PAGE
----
Political Science | Introduction to American Politics
Y103 | 0503 | Hetland


	Politics in America can leave the casual observer filled with a
multitude of paradoxical, often confusing ideas and feelings.  Politics
today focuses on modern issues such as airline regulation or health care
reform, but it also encapsulates issues like freedom of speech and gun
control that have been around since the Founding.  We want to deal with the
issues of today, but often refer to the ideas of the Founding Fathers.  We
have more opportunities for expressing our beliefs through voting than in
any other country, but choose to exercise this right less and less.
Citizens want increases in government services, but also want lower taxes.
Individual voters seem uninformed, yet we seem to get sophisticated election
results.  In this course, we will analyze the institutional foundations and
the basic elements of the American political system, but with an eye to
analyzing and resolving some of the paradoxes of politics today.  As we are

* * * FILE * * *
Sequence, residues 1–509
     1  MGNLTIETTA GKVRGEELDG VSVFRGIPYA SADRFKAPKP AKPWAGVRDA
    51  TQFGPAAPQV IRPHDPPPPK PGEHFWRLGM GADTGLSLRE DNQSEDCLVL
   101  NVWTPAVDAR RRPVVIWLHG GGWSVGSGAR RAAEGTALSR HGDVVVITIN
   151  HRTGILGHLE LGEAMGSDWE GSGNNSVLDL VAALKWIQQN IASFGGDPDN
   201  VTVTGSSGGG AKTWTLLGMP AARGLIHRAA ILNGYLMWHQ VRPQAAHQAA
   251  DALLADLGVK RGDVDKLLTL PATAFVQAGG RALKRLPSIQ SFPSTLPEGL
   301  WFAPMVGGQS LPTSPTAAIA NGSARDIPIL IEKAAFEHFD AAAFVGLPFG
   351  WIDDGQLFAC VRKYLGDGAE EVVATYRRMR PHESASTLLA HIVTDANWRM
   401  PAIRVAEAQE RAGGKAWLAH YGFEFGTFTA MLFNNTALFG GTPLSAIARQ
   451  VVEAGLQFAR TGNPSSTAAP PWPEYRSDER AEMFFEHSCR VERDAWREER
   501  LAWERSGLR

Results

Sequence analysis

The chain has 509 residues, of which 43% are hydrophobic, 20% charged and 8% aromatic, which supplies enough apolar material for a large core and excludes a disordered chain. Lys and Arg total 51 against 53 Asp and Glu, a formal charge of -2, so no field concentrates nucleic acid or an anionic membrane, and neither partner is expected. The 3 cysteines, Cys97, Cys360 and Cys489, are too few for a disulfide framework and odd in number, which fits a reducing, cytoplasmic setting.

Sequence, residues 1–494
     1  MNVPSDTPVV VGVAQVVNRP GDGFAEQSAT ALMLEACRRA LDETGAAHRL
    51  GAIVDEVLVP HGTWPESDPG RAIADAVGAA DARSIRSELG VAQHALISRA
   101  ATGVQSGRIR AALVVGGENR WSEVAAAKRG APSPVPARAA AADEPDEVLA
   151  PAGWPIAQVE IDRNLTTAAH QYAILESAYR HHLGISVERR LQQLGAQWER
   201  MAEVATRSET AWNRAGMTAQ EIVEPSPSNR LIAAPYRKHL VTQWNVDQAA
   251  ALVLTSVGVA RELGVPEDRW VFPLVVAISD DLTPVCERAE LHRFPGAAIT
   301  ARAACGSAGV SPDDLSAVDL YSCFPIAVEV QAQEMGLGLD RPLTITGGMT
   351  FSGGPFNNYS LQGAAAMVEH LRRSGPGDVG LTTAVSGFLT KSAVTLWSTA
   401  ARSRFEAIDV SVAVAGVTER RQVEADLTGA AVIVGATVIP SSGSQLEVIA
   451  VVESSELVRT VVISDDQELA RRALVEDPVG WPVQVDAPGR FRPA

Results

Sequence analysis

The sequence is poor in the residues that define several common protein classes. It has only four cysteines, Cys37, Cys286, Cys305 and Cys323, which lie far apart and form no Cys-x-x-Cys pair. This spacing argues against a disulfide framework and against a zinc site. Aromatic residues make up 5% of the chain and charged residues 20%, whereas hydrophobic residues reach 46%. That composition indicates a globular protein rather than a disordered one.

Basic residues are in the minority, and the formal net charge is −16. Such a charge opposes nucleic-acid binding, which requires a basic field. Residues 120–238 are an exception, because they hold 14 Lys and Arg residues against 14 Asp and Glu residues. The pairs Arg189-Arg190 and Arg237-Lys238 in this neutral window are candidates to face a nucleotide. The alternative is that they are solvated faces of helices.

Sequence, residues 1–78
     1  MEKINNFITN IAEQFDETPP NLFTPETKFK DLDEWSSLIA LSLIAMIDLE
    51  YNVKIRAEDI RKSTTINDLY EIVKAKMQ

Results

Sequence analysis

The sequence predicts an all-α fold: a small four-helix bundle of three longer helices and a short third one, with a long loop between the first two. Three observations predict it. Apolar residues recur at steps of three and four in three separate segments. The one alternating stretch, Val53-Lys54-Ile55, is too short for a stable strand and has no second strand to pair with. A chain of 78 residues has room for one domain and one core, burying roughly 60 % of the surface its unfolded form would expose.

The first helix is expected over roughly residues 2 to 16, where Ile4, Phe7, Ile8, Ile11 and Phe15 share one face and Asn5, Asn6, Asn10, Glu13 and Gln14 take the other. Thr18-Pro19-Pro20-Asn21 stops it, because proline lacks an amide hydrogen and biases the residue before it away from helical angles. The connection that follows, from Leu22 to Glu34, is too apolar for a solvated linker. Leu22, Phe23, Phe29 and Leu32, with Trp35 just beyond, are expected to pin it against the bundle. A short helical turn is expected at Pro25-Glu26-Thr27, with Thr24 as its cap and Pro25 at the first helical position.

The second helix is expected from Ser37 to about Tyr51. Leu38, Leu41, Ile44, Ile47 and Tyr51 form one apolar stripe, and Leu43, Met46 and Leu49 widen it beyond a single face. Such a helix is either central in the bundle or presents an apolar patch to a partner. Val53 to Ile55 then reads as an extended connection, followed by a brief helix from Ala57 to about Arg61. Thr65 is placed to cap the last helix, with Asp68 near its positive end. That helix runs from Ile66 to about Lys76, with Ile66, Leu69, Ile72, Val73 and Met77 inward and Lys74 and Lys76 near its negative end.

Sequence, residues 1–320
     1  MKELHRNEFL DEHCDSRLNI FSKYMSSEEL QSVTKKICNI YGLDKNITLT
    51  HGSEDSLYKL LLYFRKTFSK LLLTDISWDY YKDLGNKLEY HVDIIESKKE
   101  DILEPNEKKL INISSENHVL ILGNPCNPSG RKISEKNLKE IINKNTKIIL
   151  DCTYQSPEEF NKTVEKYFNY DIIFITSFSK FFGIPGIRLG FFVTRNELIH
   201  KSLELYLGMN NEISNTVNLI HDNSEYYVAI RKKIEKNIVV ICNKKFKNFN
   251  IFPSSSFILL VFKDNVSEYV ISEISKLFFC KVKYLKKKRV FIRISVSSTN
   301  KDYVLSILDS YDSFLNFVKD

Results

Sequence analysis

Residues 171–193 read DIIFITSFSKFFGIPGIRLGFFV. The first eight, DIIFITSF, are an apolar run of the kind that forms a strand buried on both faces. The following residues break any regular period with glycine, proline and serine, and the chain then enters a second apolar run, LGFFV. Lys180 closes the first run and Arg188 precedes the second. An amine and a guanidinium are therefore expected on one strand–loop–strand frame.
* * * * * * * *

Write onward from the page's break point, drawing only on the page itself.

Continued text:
in an election year, we will devote some time to the electoral process as an
illustration of how politics works in practice, and how paradoxical issues
can pop up.
	The course reading load will average about 20-30 pages of reading
per day, mostly from the primary text, but supplemented with other materials
by the lecturer.  Audio-visual materials will be shown in class, with a
particular emphasis on the current Presidential and Congressional election
races, along with concurrent analysis.  Course grading will be awarded on
the basis of three exams and two brief papers, as well as points for class
discussion and participation.  Students should come to class aware of
current political and election events, and be prepared to discuss them.